About 7 km after Korgen, the course is at sea level again. With a view of the sea and the Ranfjord, cyclists are led on the E6 to the sixth checkpoint, Yttervik camping, about 15 km south of the port city of Mo i Rana (Mo).
After Mo, the participants leave the sea and the journey continues into the mountains again, on the E6. The course leads the riders through the Dunderland valley above the tree line up on Saltfjellet and to the seventh checkpoint which is the Arctic Circle Centre at the Arctic Circle.
Large parts of the highway from Mo to the Arctic Circle Centre has been rebuilt and resurfaced in recent years so the road surface is excellent. The climb from sea level up to the Saltfjell highway’s highest point (692m) is very easy with slope gradients generally between 2-4%.
Checkpoints 8 to 9: climb the Junkerdal valley to the highest point on the course
After the Arctic Circle, the journey continues to Junkerdal, where cyclists leave the E6 and begin a more substantial climb up to the Swedish border.
Highway 95 is the only national highway (A-road) that crosses the Scandes above the tree line and about 8 km after the border the course reaches its highest point at 740 m above sea level. From here, the journey continues down to SMHI’s (Swedish Meteorological and Hydrological Institute) weather station in Mierkenis and then further on to Lake Tjaktjaure (513m) and Sandviken Mountain Lodge, which is the brevet’s eighth checkpoint. Here, we are still north of the Arctic Circle so the sun will stay above the horizon all night. In addition to sleeping arrangements this checkpoint also has a tiny grocery store.
From Tjaktjaure the course continues down to Arjeplog and the ninth checkpoint Hornavan Hotel, located on Lake Hornavan (426m), which is Sweden’s deepest lake with a depth of 221 m. In Arjeplog you will find the famous Silver Museum which is well worth a visit.
Checkpoints 10 to 11: follow the Vindel River downstream
After Arjeplog, the journey heads south on road 609 to Slagnäs where the course connects to European route 45 (the Inland Road). From Slagnäs, participants will follow the Inland Road to Sorsele and the tenth checkpoint Sorsele Community Centre, the last checkpoint with organised sleeping arrangements.
From Sorsele, the journey continues 28 km on the Inland Road to road 363 which follows the Vindel River, a tributary to Ume River which has its source in Vindelfjällen, the Vindel Mountains. Vindelfjällen Nature Reserve is one of the largest protected areas in Europe.
Road 363 leads down to the brevet’s eleventh and final checkpoint which is Åmsele Camping in Åmsele. Here a famous dish “Palt” is fried over an open fire and served with lingonberries and butter.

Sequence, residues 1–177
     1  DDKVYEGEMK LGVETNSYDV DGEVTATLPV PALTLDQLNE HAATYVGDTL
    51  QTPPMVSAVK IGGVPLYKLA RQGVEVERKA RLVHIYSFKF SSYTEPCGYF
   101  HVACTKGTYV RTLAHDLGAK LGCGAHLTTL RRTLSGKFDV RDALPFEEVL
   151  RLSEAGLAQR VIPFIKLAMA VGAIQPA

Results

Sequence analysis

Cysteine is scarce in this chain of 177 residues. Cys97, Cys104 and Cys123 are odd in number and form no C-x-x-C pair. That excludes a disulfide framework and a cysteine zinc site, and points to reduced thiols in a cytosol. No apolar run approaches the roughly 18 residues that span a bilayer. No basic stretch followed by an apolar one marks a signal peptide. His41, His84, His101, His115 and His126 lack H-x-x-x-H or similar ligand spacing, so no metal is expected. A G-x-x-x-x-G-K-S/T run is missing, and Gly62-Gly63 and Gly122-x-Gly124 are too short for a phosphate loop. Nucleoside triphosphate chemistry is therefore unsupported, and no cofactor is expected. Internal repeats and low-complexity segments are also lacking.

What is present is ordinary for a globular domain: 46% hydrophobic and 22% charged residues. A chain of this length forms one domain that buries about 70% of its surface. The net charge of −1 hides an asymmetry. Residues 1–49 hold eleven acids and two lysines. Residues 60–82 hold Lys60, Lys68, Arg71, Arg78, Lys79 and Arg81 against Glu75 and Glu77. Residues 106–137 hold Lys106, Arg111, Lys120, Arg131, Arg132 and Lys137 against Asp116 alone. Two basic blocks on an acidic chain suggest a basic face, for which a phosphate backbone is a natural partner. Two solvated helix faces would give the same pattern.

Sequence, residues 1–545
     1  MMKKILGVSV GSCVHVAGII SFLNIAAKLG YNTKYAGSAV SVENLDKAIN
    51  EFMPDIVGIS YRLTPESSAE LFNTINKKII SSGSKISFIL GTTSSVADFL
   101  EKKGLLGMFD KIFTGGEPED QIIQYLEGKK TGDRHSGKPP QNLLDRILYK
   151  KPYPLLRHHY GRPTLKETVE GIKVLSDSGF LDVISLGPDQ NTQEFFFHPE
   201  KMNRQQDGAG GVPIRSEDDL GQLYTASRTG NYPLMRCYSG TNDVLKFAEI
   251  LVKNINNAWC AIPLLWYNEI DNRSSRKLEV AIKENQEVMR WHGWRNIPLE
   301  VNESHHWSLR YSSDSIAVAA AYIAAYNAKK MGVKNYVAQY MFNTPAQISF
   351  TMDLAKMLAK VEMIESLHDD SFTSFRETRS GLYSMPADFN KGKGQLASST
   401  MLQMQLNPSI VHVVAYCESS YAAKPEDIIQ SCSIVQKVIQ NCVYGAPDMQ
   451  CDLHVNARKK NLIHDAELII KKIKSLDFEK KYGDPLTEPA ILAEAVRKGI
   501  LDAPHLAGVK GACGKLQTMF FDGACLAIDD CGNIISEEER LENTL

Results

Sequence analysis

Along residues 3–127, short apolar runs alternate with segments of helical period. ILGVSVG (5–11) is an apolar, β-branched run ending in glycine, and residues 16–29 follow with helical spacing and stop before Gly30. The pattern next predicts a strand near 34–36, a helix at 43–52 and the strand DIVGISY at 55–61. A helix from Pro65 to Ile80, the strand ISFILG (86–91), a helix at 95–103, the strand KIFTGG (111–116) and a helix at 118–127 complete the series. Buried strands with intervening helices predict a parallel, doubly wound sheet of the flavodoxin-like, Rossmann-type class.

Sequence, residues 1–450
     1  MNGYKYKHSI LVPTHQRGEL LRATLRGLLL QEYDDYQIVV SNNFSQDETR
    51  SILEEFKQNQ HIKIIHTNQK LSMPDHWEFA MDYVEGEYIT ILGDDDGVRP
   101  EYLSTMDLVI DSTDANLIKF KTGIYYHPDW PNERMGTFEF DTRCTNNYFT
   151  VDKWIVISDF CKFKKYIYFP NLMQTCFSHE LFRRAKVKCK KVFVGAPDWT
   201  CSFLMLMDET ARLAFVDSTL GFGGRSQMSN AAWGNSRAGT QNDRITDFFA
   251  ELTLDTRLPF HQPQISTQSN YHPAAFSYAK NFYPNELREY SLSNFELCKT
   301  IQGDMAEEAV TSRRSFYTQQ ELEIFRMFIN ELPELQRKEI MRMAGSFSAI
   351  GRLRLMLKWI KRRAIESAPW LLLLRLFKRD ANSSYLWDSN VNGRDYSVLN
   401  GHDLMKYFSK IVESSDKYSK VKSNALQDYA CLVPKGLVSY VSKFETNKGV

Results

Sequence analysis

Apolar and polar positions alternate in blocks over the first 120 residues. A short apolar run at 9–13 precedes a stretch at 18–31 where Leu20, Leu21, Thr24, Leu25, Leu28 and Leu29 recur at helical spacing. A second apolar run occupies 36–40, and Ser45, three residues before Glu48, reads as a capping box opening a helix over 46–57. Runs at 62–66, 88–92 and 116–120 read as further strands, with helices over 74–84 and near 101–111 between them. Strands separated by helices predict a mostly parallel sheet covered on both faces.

From Åmsele, the journey continues past Hällnäs and Vindeln on road 363, Sweden’s longest county road, to the village Rödånäs where the course turns off onto road 628 and then continues to follow the Vindel River down to the village Spöland where it flows into Ume River.
Cyclists once again cross the Ume River and the fields and meadows south of Vännäsby. Just before Sörfors, participants are led past Stornorrfors Power Station, Sweden’s second largest hydropower plant. They then follow the southern banks of the Ume River the remaining 15 km down to Umeå where they cross the Ume River one last time on The Old Bridge before arriving at the finishing line, the Hotel Scandic Plaza Umeå.
How fit do you have to be to cycle Sweden’s MSR?
MSR has a demanding course profile. Also the region’s subarctic climate can be a decisive factor. If you are not an experienced randonneur it is important that you make a realistic assessment of your chances of completing the brevet before you register.
If you have completed a brevet series or a corresponding ultra-distance race during the past two years then there’s a good prospect you will finish this brevet. If you don’t have the above qualifications, it’s advisable to do a 400 km brevet during the spring leading up the event. This will be a good indicator of your chances.
Even if the MSR is not for you – I really encourage you to consider a trip here and ride at your own tempo.
What support is provided?
If you have ridden sportives but not brevets/randonnées before, be aware of the difference from a support perspective: sportives are generally organised as supported non-competitive events on well signposted or closed roads whereas brevets are normally unsupported.
An exception to this general rule is that ultra brevets do tend to offer support at checkpoints, but the riders still need to find their way to these checkpoints on a course that is normally not signposted. There are no support vehicles or event officials between checkpoints.
What to expect at checkpoints
This ultra-distance event is an exploration into the arctic wilderness and aims to capture this experience and the solitude with nature. Riders are therefore expected to carry all requisite equipment on their bikes from start to finish. The event has no bag drop service on route.
There are warm and cold meals, snacks and beverages at all checkpoints on route. Meals are also served during the day before the start and after the finish.
In this part of the world, food stores are few and far between so it is important to refill water bottles and stock up on snacks and food before leaving each checkpoint.
Some checkpoints may also offer mechanical services with spare parts for sale.
We have booked a limited number of beds at seven checkpoints for riders who want to take short naps. Most checkpoints have things like showers and drying facilities.
Food included in the entry fee